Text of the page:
by Meganne Trela (Spring 2017)

A police officer waived his right to arbitrate his termination by participating in a hearing before the Board of Fire and Police Commissioners according to the Illinois Supreme Court in Village of Bartonville v. Lopez, 2017 IL 120643 (2017). The police officer at issue, Salvador Lopez, was an officer with the Village for two years when the police chief sought his termination by filing a complaint with the Village Board of Fire and Police Commissioners (“Commission”) for his violation of certain procedures and training directives. Lopez was a Union member when the discipline charges were filed.

Lopez attended the hearing and was represented by the Union attorney. During the hearing, the attorney for Lopez reiterated that the Union’s presence did not waive its contractual right to grieve a suspension or termination. At the end of the Commission hearing, the Commission issued an order of discharge, and Lopez was terminated from his employment. Neither Lopez, nor the Union, sought judicial review of the Commission’s final decision under Illinois’ Administrative Review Law.

Lopez and the Union did, however, file a grievance alleging he was terminated without just cause in violation of the applicable collective bargaining agreement. Lopez argued that arbitration, and not a hearing before the Commission, was the exclusive procedure for resolving discipline matters. When the grievance was not resolved during the three-step grievance procedure outlined in the contract, Lopez referred the grievance to arbitration. The Village then filed a complaint for declaratory judgment and for a stay of the arbitration arguing that the termination and subsequent grievance were not arbitrable.

The Village argued that Lopez’s participation in the Commission hearing was evidence that the Commission had jurisdiction to conduct a hearing on the matter. The Village additionally argued that the Commission’s decision was subject to the Administrative Review Law, not the grievance procedure, and that res judicata applied (meaning the issue had already been adjudicated).

The trial court found in favor of the Village; however, the appellate court reversed that decision finding that it was the arbitrator who should decide whether the matter was subject to the grievance procedure, not the courts. On appeal, the Illinois Supreme Court recognized that when the language of a collective bargaining agreement is broad and ambiguous on an issue, the arbitrator should initially determine the question of arbitrability. However, in its decision to overturn the ruling of the appellate court, the Illinois Supreme Court also noted that “a contractual right to arbitrate can be waived like any other contractual right.” A waiver occurs when a party acts in a manner that is inconsistent with the arbitration clause of the agreement.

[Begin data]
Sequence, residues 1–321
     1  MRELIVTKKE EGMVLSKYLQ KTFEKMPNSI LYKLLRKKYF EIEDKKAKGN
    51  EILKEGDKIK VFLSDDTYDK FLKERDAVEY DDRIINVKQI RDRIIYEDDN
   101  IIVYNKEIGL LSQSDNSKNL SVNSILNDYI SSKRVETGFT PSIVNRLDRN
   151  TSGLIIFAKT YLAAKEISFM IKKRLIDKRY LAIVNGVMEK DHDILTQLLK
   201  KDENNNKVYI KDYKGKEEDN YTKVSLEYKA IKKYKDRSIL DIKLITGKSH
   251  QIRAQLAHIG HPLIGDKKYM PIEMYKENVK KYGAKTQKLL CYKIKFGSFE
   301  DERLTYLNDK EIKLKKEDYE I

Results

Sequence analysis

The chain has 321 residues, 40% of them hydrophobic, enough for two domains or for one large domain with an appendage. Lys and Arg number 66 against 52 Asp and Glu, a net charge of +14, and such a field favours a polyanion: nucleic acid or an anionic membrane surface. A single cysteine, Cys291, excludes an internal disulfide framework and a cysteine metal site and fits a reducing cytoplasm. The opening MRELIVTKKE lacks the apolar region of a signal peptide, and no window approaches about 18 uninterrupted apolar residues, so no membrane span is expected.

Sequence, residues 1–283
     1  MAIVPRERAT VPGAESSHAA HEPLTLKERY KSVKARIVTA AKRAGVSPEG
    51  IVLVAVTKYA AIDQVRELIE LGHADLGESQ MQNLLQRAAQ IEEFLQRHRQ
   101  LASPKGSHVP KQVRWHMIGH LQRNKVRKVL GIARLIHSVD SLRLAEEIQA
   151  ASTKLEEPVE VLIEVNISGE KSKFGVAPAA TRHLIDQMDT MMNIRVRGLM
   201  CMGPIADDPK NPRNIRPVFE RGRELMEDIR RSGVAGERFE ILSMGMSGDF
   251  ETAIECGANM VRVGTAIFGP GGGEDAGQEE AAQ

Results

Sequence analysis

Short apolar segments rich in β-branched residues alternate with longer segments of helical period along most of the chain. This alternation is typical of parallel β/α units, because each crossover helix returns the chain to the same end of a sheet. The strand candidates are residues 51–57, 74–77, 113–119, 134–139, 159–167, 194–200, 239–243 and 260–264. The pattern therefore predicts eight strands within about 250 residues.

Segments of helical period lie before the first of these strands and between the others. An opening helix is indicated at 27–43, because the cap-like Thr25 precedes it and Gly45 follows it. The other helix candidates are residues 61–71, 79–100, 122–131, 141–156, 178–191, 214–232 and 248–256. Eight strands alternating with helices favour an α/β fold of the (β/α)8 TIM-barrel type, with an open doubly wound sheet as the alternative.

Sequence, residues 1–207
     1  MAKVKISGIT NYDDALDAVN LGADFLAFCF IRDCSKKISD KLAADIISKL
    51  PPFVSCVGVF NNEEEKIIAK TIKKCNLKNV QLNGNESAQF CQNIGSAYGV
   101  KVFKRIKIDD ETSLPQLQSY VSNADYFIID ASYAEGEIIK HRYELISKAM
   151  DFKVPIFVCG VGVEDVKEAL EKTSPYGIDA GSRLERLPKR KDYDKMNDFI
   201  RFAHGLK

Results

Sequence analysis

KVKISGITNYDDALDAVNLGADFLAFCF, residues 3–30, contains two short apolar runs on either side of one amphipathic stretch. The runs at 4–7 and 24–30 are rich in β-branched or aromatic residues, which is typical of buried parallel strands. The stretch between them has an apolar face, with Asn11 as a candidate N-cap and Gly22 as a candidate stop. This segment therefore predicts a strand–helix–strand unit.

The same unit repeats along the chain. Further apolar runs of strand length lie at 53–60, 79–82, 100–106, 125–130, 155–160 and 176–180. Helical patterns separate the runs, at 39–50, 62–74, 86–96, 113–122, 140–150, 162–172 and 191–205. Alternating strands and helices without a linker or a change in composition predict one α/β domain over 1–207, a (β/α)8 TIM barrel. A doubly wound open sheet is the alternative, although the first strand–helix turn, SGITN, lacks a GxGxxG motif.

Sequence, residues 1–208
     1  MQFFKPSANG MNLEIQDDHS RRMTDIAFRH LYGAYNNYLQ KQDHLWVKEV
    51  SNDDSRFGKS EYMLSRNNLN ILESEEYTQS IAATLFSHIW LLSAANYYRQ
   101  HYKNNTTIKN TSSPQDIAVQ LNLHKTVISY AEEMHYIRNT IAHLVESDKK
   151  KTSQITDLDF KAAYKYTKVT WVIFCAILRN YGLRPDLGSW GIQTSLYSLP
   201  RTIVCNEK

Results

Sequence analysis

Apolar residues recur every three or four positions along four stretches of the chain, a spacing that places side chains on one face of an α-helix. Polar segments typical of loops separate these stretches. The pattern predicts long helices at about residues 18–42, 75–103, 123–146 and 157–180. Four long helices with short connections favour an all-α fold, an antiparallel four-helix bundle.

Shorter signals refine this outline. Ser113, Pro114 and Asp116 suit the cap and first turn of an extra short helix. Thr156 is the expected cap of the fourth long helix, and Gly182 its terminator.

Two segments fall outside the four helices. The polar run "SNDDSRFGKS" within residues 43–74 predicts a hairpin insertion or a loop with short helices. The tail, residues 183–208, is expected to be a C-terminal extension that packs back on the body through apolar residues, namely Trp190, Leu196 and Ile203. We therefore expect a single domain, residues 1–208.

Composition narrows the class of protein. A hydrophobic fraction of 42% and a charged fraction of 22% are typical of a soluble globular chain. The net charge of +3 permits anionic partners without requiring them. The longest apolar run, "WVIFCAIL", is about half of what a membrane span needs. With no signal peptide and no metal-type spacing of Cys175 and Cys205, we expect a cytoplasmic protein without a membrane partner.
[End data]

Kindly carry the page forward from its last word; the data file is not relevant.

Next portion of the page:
Lopez participated in the hearing before the Commission – Lopez testified at the hearing, his counsel cross-examined witnesses, and his counsel gave a closing argument. Furthermore, even though Lopez’s attorney stated that he was not waiving his right to file a grievance, he never questioned the jurisdiction of the Commission. The court reasoned that Lopez should have sought an injunction to stay the proceedings before the Commission. By participating in the Commission hearing, Lopez acted inconsistent with his right to arbitrate the matter and could not pursue arbitration after the fact.

The court also held that the legal theory of res judicata also precluded Lopez’s pursuit of arbitration. Res judicata is a theory that prevents controversies that have already been decided on their merits from being re-litigated. Thus, a final judgment on the merits rendered by a court of competent jurisdiction acts as a bar to a second suit between the parties involving the same cause of action. Because the Commission hearing was judicial in nature and Lopez failed to seek the administrative review of the Commission’s decision, the Commission’s decision to terminate was a final judgment on the merits. In addition, Lopez’s grievance and the complaint heard by the Commission arose from the same operative facts and involved the same parties. As a result, res judicata also precluded Lopez from pursuing arbitration after the conclusion of the Commission hearing.

Local governments should clearly define what matters are subject to the grievance arbitration procedure. While the Village in this case was successful in its attempt to block Lopez from pursuing arbitration on a disciplinary matter heard by the Commission, clear language on the arbitrability of disciplinary disputes may have prevented a lengthy, and likely, costly legal battle.